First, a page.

First Division soccer clubs Happy Valley and Tuen Mun have been suspended from league fixtures for the rest of the season amid an investigation into alleged match-fixing.
A Hong Kong Football Association committee, set up to oversee the investigation, said last night that the two clubs had "fallen below the standard expected of professional football" and were "likely to have brought the game into disrepute".
The two clubs had been unable to prove they were "viable football clubs", it said.
The suspension relates only to First Division and FA Cup matches - it does not affect the clubs' reserve division or youth teams.
The HKFA also recommended the conduct of former Tuen Mun player, Li Ming, who is at the centre of the investigation, be referred to the Asian Football Confederation and Fifa.
The HKFA said it would address the wider implications of the suspensions, such as how the results of matches involving the clubs would be reflected in the league table.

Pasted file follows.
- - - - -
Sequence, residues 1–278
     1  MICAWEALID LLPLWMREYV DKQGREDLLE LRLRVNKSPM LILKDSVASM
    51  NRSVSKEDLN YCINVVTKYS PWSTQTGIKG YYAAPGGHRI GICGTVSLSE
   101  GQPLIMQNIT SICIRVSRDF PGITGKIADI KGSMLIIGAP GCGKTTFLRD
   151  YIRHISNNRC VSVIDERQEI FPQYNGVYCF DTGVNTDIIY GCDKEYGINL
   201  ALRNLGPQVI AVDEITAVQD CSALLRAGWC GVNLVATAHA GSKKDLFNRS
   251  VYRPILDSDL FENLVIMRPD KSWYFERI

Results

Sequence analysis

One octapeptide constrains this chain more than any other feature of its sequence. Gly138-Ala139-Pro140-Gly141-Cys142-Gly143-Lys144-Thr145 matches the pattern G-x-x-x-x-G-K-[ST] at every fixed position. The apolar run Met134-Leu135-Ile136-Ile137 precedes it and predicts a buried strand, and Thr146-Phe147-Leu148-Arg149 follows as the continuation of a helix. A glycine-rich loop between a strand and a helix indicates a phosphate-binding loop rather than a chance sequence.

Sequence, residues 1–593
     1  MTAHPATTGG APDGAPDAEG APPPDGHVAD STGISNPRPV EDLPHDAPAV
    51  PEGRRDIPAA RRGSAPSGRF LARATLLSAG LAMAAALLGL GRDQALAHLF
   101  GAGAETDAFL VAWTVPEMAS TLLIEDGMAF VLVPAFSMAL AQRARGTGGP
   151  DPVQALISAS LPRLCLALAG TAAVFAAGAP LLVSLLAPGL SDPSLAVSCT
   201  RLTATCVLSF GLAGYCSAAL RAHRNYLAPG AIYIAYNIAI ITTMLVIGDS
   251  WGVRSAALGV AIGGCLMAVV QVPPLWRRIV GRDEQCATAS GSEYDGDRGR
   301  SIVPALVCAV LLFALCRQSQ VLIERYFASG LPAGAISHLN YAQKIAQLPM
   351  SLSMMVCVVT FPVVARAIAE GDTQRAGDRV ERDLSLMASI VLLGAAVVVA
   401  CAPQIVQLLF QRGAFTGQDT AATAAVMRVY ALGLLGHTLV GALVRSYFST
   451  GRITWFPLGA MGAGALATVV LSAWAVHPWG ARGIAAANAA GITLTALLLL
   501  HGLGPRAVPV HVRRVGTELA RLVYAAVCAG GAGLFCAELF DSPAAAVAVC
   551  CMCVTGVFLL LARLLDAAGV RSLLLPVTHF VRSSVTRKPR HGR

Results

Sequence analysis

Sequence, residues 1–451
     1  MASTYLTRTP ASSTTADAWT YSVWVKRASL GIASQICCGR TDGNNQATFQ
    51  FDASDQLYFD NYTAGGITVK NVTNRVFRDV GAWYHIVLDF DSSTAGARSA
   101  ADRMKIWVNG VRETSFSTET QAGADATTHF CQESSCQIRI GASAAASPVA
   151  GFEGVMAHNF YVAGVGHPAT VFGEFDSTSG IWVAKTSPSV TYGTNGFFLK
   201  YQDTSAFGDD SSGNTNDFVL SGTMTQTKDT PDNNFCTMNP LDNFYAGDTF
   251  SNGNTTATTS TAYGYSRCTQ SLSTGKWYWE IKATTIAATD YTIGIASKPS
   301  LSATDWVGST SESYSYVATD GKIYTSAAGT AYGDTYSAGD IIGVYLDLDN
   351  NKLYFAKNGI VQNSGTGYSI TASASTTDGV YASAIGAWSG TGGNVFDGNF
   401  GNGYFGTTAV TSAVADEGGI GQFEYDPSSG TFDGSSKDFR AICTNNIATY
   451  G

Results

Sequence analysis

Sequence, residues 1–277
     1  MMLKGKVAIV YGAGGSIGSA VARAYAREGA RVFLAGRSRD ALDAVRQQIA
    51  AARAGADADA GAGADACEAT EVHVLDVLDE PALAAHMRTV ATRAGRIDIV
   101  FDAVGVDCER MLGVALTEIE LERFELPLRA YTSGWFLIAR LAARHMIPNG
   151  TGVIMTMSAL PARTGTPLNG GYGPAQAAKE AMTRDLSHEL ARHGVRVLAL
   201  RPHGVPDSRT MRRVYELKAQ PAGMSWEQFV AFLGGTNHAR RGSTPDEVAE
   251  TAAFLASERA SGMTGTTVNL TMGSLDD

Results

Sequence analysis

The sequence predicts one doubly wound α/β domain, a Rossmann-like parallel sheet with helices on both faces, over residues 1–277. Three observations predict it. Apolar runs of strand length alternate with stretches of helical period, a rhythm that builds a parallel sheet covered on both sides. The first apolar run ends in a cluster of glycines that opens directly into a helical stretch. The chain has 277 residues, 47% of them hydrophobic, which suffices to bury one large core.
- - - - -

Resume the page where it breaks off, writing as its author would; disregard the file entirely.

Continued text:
Mark Sutcliffe, the HKFA chief executive, thanked the committee "for its expeditious and diligent consideration of these serious matters".
"The board of directors has made difficult decisions based solely on fact," he said. "This reflects the determination of the HKFA to uphold the highest standard of club governance."
The committee also recommended more stringent rules on governance and financial viability when the new Hong Kong Premier League starts this year.
The committee said on its creation it was not duplicating an investigation by the Independent Commission Against Corruption, which arrested six Happy Valley players last month.